One of the World’s Natural Wonders the Great Barrier Reef
The Great Barrier Reef is about 500,000 years old, with its most recent growth starting about 8000 years ago. Coral reefs begin to build where large numbers of stony corals live together and skeletonise and together with sand, rubble, plants, and mollusks form a limestone foundation.
Layer by layer it builds over thousands of years.
Nearly 3,000 individual coral reefs and about 300 small coral islands called cays form the reef, which makes it the world’s largest structure made by living organisms.
It is the world’s largest coral reef system, extending about 2,010 kilometres (1,250 miles) parallel to the coast of the state of Queensland.
The reef is a foremost tourist attraction, bringing in about 1.6 million tourists a year. Cairns is one of the largest centres for reef tourism as well as a few secluded islands located farther offshore.
It may be surprising to some that corals are living animals, as they were long thought to be plants.
They have an opening or a mouth to take in nourishment, require shallow waters for oxygen intake and are very easily broken when collided with by foot or object.
White coral is in fact dead, but the bright, almost neon coral, a dazzling site whether beheld from above or beneath the sea’s surface, is very much alive and changes in colour with the water, which ranges from brilliant blue to aqua green.
These coral gardens along with underwater canyons, shipwrecks and marine animals make snorkeling and scuba diving the most popular activities on the reef.
Much of the Great Barrier Reef is still unexplored and will undoubtedly keep scientists busy for millenniums.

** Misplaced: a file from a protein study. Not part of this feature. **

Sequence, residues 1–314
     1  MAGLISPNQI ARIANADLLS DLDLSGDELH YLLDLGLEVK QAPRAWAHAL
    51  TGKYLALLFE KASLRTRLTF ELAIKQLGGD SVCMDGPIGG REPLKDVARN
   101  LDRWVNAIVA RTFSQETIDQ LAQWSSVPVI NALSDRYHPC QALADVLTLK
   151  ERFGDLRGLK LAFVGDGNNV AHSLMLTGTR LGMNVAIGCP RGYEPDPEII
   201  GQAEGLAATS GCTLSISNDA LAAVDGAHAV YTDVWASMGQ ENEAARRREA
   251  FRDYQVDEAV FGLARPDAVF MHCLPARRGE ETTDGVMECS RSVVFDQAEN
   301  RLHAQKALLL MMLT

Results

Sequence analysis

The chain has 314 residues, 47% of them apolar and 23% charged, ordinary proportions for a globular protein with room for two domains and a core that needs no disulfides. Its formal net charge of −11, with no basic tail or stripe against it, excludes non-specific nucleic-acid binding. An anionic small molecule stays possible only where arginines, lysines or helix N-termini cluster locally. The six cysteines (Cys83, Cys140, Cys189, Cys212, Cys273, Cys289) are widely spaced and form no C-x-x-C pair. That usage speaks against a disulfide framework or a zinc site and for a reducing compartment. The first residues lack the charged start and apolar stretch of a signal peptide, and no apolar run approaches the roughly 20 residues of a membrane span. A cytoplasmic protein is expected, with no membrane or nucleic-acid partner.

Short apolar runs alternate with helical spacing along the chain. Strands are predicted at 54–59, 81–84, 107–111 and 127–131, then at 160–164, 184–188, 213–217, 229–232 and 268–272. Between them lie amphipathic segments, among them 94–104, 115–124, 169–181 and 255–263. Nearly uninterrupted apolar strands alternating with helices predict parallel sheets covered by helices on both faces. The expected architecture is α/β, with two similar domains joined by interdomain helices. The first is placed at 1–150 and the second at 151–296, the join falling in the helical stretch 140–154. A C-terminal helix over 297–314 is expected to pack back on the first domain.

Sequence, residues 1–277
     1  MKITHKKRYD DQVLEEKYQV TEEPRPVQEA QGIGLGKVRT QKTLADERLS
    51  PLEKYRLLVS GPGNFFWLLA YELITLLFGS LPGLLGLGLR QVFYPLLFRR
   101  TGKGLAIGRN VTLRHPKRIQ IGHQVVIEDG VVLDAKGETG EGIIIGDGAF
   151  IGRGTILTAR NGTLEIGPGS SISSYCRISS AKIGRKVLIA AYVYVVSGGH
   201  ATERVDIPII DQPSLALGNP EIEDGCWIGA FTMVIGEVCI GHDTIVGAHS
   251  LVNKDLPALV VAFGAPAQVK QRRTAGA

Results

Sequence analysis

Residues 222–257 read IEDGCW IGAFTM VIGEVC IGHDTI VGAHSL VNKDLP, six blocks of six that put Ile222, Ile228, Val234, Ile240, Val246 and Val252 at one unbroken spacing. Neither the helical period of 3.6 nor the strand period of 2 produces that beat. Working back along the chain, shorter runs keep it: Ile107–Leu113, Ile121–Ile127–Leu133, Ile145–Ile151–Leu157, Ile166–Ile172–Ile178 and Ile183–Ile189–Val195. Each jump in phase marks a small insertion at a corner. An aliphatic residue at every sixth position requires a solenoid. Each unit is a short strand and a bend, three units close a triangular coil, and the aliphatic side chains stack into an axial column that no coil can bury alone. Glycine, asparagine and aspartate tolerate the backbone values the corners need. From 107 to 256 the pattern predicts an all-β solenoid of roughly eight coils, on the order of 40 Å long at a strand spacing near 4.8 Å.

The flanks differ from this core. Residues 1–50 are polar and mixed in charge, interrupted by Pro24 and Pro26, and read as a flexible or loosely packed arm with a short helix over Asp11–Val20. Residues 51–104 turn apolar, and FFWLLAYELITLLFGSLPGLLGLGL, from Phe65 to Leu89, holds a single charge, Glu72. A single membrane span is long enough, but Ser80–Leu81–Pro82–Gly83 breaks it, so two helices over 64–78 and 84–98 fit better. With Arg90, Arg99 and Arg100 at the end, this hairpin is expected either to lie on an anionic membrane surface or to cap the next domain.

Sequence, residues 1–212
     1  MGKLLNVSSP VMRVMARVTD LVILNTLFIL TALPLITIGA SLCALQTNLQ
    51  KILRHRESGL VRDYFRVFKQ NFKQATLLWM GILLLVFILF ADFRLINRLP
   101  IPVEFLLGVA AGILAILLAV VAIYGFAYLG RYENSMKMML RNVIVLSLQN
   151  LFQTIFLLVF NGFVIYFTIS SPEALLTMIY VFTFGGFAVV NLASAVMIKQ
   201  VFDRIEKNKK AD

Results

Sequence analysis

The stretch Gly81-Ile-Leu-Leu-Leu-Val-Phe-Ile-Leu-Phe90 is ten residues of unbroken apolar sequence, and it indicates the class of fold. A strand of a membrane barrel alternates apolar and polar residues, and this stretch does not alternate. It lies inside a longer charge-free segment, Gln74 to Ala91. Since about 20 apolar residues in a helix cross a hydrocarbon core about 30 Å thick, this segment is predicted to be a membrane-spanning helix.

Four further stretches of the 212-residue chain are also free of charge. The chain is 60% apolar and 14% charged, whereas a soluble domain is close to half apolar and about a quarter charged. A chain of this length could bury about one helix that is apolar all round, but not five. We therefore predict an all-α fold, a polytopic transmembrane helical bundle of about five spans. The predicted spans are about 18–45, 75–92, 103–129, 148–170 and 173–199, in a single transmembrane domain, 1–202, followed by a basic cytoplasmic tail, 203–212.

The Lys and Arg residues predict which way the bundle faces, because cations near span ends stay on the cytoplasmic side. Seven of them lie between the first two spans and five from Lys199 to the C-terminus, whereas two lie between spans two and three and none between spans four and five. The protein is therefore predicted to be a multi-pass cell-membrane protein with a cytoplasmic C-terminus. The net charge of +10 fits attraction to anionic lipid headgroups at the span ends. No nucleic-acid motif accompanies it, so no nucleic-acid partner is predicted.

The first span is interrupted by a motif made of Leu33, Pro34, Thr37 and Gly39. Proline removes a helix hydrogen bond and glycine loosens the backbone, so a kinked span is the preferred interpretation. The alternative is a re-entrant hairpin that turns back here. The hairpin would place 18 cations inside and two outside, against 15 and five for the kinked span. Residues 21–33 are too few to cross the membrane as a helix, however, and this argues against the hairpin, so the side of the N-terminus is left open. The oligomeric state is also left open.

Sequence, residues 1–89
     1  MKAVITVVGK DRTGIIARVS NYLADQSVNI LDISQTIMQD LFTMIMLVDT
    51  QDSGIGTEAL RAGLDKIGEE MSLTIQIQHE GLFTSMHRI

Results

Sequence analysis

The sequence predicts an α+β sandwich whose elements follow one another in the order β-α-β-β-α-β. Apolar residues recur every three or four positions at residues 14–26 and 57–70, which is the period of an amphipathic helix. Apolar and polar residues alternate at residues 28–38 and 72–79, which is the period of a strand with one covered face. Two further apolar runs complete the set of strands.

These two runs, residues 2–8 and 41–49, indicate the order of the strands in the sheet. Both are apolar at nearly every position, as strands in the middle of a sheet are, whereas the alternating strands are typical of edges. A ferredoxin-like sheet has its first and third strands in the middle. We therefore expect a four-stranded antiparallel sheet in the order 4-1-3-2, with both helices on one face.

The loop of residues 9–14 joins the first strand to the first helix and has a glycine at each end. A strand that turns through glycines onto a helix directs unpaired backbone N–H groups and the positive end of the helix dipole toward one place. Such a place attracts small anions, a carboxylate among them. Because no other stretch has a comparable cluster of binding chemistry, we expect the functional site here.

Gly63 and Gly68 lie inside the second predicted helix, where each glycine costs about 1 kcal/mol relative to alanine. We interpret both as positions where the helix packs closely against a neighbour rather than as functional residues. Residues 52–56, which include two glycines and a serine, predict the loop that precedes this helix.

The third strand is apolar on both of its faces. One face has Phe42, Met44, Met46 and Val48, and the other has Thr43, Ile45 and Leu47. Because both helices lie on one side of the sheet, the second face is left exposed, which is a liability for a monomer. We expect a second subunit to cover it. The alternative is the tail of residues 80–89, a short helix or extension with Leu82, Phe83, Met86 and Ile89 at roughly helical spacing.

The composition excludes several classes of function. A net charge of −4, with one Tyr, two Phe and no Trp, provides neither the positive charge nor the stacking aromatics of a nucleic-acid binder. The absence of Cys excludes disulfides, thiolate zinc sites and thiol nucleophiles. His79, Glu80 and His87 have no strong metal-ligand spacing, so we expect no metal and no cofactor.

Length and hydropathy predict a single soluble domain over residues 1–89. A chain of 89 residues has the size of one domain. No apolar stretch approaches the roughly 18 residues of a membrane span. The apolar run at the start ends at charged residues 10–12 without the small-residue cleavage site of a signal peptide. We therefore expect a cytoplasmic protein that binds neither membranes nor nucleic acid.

BIts great beauty that can be witnessed from outer space, will keep visitors captivated for all time.
While the draw for most travellers to The Great Barrier Reef is its breathtaking creatures, the actual reefs are just as stunning and worth taking a closer look.
Over a few millennia the structures formed by small animals, rocks, coral and sand have created an other-worldly environment best explored by snorkel and scuba.
To make a liveaboard excursion even more exciting, familiarizing oneself with the reefs first can be a way to spot species, identify the rarest and overall enhance the experience of seeing the Great Barrier in a whole new way.
The reef in danger
Sometimes there are threats to the reefs both natural and man-made.
In 2000, a crop of starfish called crown-of-thorns took out many coral species and they populated and fed on it. Some fishermen and other ships will damage the coral as well.
However, organizations such as the Australian government have initiated laws to prevent event like this from hurting tourism or the wildlife itself.
While the ebb and flow of various species come and go, overall the diversity and growth of the reefs stays mostly stable.
Not only are the animals and coral formations pretty to look at, scientists are finding out ways that the reef can help in medical advancements and sustaining the over world atmosphere.
These important findings make keeping the reefs clean and growing even more essential than ever.
How travellers can help
These efforts are translated over into eco-tourism efforts well. Becoming more observant of the reefs and its plant and animal life will not only make a dive better, but will educate guests in conservation and protection of this natural wonder.
They will know what structures are delicate and dangerous, leaving coral and flora intact.
This allows the reefs to continue to grow and be enjoyed for generations to come.
Snorkeling is an easy way to admire the reefs at a safe and secure distance.
While snorkelers can still almost reach out and touch the wildlife, they still are far enough away often that no damage is done to the creatures.
Guides who are based in places like Cairns will know the proper way to view the reefs and pass on their knowledge to the snorkelers.
This ensures everyone safety and unforgettable experiences for travellers who love snorkeling into underwater worlds.